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How the barrel affects wine flavor

Posted: April 27, 2012 6:00 a.m.
Updated: April 27, 2012 6:00 a.m.
Lil Lepore and Shari Frazier Lil Lepore and Shari Frazier
Lil Lepore and Shari Frazier

As the canvas is to the artist, the barrel is to the winemaker. As the grapes are to the winemaker, the wood is to the barrel maker.

Centuries ago during the Greek and Roman eras, wines were commonly stored in fragile clay vessels. As trade and transportation developed, merchants discovered sealed wooden containers were a better way to hold and transport wine, which led to the birth of cooperage also known as barrel making.

The specialized art of barrel making is an integral part in the winemaking process. The cooper or barrel maker is a highly skilled craftsman who hones his craft in the same manner and with the same type of tools used for centuries. Making wine barrels is just as much of a science as it is an art.

Oak has historically been used in the production of wine barrels and is most favored by winemakers. To improve the quality of the wine, barrel aging in oak provides flavor, aromatics, texture and complexity to the wine. As the wine rests in the barrel, chemical changes occur that soften the harsh grape tannins. Because of the nature of the wood, oak releases a chemical compound like tannin (not to be confused with grape tannins) that imparts flavors and aromas of vanilla, tobacco, coconut, sweet wood, toast, nut, caramel and smoke.

Just like grapes come from different regions, so does oak. The United States, Hungary and Russia harvest oak trees, but the most prestigious areas are from forests in France that are hundreds of years old.

Winemakers decide whether to use French oak or American oak when aging wine. French oak, preferred by most winemakers, is a tighter grain with higher wood tannins. It has less influence on the wine's aromatics but is known to increase the complexity of the wine. American oak has a wider grain with lower wood tannins. These barrels impart sweeter flavors and vanilla nuances. Winemakers typically choose American oak for bold, powerful reds or warm climate Chardonnay.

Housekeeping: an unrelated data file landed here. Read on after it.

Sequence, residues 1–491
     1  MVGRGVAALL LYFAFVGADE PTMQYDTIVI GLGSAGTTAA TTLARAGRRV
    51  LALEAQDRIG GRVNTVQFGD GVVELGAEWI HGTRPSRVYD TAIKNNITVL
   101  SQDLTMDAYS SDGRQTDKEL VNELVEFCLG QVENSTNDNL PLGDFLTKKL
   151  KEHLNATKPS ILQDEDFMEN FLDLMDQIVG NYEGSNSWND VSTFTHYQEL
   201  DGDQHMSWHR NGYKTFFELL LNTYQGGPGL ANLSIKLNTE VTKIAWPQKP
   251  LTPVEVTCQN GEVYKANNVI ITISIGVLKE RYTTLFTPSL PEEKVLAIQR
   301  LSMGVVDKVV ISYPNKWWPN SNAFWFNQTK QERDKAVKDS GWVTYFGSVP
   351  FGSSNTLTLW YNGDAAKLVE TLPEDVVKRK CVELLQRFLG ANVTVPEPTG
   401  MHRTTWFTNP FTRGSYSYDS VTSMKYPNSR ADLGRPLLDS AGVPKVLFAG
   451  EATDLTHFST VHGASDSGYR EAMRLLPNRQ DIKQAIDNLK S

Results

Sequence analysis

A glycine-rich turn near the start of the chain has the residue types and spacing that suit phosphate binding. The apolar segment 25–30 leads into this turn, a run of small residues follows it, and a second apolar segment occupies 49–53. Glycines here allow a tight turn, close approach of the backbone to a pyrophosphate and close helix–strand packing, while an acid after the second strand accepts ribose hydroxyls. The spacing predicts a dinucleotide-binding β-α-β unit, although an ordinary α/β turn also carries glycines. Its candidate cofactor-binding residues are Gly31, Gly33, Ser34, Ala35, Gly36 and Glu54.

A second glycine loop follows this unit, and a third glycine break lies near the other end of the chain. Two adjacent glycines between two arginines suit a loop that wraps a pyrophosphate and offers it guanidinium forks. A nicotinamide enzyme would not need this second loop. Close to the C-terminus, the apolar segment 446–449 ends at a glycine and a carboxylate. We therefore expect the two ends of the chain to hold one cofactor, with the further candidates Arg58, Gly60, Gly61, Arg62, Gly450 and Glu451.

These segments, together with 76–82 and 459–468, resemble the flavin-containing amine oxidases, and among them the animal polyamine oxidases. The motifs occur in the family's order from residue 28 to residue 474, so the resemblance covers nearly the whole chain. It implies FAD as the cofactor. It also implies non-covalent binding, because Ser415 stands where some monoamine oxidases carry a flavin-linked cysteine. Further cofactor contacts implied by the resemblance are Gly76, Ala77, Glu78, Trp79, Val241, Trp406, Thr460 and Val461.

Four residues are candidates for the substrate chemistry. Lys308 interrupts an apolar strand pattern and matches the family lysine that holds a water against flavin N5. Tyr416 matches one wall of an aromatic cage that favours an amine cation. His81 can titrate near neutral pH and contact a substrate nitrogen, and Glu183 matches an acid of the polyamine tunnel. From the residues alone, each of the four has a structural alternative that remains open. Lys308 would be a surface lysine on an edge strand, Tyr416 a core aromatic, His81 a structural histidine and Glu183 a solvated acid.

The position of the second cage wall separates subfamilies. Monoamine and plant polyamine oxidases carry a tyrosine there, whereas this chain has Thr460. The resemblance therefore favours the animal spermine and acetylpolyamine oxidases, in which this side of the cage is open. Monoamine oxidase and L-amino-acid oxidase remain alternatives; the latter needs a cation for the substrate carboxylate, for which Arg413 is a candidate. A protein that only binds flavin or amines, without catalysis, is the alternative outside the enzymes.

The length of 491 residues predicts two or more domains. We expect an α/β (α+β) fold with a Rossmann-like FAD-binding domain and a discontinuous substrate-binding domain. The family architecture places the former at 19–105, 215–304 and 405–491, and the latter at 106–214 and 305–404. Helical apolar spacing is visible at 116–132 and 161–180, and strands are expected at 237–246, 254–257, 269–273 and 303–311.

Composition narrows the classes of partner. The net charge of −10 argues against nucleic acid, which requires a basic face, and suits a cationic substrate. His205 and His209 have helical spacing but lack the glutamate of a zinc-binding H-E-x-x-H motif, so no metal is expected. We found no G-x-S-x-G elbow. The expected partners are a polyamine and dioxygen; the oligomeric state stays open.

The cooper's barrel shape is one of the factors that play a role in the flavor development of the wine. The smaller the barrel, the more oak flavors will be in the wine. There are several types of barrels but the most commonly used are smaller types such as the Burgundian and Bordeaux. Although both of these barrels hold approximately 60 gallons of wine, the shape and size of each is slightly different. The Burgundian is slightly rounder and shorter, making it easier to roll and fit through doorways. Typically, Burgundian barrels are used for Pinot Noir and Burgundy, and the Bordeaux barrel is used for Cabernet Sauvignon, Merlot and Bordeaux. Chardonnay and Sauvignon Blanc are also aged in these barrels at the discretion of the winemaker.

Another influential factor in imparting flavor in the wine is the amount of "toast" each barrel has. Once the barrel is constructed, the cooper heats or toasts the inside per the winemaker's specifications. Barrel toasting can be light, medium or heavy. Light toast results in retaining some of the oak's characteristics in the wine, while heavy toasting or charring gives the wine oaky and smoky nuances.

Next time you're tasting wine, try to identify oak in the flavor. The best way to understand the influences of oak is to do a tasting experiment with Chardonnay. Try an "oaked" and "un-oaked" Chardonnay side by side. Ask your wine merchant for some guidance, if the label doesn't indicate this. Once you've tasted both you should be able to identify that the "oaked" wine has more toasty, buttery notes, while the "un-oaked" is crisper, bringing out the wine's dominant flavors. Cheers!


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